Whether for you volunteering is about socialising, degree enrichment or connecting with the community or all three, it’s important to know what you want to get out of volunteering. This post only scratches the surface when it comes to reasons you may want to volunteer. There are positions for those who have lots of time to spare, and those who are busy, there are those for those who like to be centre of attention and those who want to keep to themselves, those who want to develop skills and those who want to support a specific cause. The most important thing is to work out what you want to get out of volunteering. If you’re not sure, coming in to talk to us may help. UniCrew runs drop in sessions where our trained team can help match you with an appropriate position, whatever your needs. Many people think that volunteering stops at shaking buckets, but that is only just the beginning.

If you’re game, come and talk to us, email or even Facebook us! We hope to see you around 🙂

The Dunedin Sleep Out 2016!

The Dunedin Sleep Out 2016!


Last Friday, the UniCrew team helped organise a fantastic event: The Dunedin Sleep Out 2016!

The event is a fundraiser for the Dunedin Night Shelter, a service providing emergency housing to those in need.

Sleeping out in the Octagon in the middle of a Dunedin Winter may seem like a health and safety risk, but if anything, sub-zero temperatures help make this event all the more poignant.

We are showing solidarity with those who experience homelessness, and making this often invisible issue more visible by putting it right in the middle of town!

Just as it was last year, the Sleep Out was a great success!

We were so happy to have the team from TV3 Story there to show off our event on LIVE national tv!!

IMG_3572.JPGLive from the Sleep Out: TV3 Story!

The event had a fantastic media response this year, with NewsHub, The ODT, ScoopYahoo NZ  and Dunedin TV all picking up the event this year, in addition to The Star community newspaper putting us on their front page!!
Thanks for helping us raise awareness of this crucial issue!

The event opened with speeches from both Dunedin North MP David Clark, and Dunedin South MP Clare Curran. The wonderful chairman of the Night Shelter Trust Dave Brown also addressed the crowd, thanking the students and organising team for their efforts (we love you too Dave!).

IMG_3581Dave Brown, Chairman of the Night Shelter Trust

The event was well attended this year, and featured a huge number of talented performers to keep the crowd entertained. A huge thank you to all of the following:

Julion Wright
The Acoustic Paintings
Otago Dance Association
Zumba with Tammy
Abby Wolfe
James Dignan – music, poetry, art
Simon Kingsley-Holmes
Annie Hayes
Wyeth Chalmers
Andrew Mekhail

IMG_3585.JPGOtago Dance crew lighting up the Octagon stage

This event also would not happen without the support of a HUGE number of businesses, sponsors, community groups and just general good sorts, so thank you all!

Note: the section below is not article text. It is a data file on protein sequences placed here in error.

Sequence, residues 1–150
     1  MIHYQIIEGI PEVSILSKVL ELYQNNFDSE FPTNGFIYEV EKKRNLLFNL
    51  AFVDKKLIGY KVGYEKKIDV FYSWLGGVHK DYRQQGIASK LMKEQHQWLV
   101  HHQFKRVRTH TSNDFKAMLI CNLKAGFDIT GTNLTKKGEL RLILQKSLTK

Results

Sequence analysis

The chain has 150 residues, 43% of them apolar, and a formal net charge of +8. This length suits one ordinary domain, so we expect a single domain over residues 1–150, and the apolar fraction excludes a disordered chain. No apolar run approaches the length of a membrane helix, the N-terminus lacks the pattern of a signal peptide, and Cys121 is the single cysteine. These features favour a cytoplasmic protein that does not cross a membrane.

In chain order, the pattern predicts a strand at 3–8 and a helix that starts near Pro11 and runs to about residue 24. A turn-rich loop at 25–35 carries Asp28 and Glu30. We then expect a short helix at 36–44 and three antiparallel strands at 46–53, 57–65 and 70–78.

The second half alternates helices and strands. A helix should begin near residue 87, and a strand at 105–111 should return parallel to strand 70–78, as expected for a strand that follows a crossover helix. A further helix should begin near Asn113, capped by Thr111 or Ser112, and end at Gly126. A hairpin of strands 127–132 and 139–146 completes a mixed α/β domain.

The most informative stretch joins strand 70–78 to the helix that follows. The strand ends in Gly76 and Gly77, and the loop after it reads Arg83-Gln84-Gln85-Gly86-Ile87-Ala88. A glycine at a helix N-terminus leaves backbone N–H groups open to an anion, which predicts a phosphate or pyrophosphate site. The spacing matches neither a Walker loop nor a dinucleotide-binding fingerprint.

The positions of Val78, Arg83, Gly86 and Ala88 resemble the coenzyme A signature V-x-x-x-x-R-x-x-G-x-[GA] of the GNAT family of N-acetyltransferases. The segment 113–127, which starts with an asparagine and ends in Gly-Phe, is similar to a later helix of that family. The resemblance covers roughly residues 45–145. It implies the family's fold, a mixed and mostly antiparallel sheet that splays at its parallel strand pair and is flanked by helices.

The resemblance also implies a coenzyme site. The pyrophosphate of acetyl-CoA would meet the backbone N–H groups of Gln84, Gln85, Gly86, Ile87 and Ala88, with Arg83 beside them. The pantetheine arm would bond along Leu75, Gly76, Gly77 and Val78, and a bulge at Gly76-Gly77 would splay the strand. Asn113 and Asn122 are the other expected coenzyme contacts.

Plus I have one more thank you: The wonderful team at UniCrew for all their efforts putting this event together!

Thanks crew.png

Not all of you are pictured here so I’m going to pick on you all:

Sze-En + Sarah + Dave: For their overall amazingness and organisation of the chaos!
Briar: For the amazing soup and team organisation!
Kelsey: For the awesome health and safety plan and general excellence!
Fred: For the musician cajoling and technical/audio genius!
Lucy/Craig: For the stunning photos/video and your overall help!
Abigail: For the fundraising brilliance, and your constant good vibes!
Damon: For the man-in-a-box and your cardboard-wall skills!
Geena: For your marketing brain and helpful assistance!
Susie: For your fizzing attitude and hype skills!
Angus: For the heavy lifting and helpfulness!
Finn/Anastasia/Alyson: For the injection of energy and helping hands!

+ Our security peeps: Timothy and Luke = Legends!

The people behind this Sleep Out worked so so hard to bring this event to life! They all deserve some thank yous, so give them a mental round of applause!

Here are some more images of the amazing night, and thank you to all our participants!!

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UniCrew Visits: The United Nations

UniCrew Visits: The United Nations

Welcome back to the latest instalment of the UniCrew Visits, where we tell the stories of cool people going to cool places.

This week I sat down with Briar from the UniCrew Exec to chat about her experience at the Harvard National Model United Nations 2016 and discuss the Global Goals for Sustainable Development, and how they relate to UniCrew!

Jessie: Hello, hello, this is a bit weird eh.

Briar: Just a bit (laughs).

J: We pretty much just had this conversation and now we are going through it all again cause I didn’t record it (fail).
Anyways, tell me a little bit about the trip.

B: Basically, I was fortunate to be able to attend the Harvard Model UN in late January, early February. This is a conference with loads of students from all around the world coming together to learn more about the United Nations, and represent a given country as part of the model UN. The NZ delegates represented Norway, so we got to attend model committee meetings for the committees which Norway is actually on.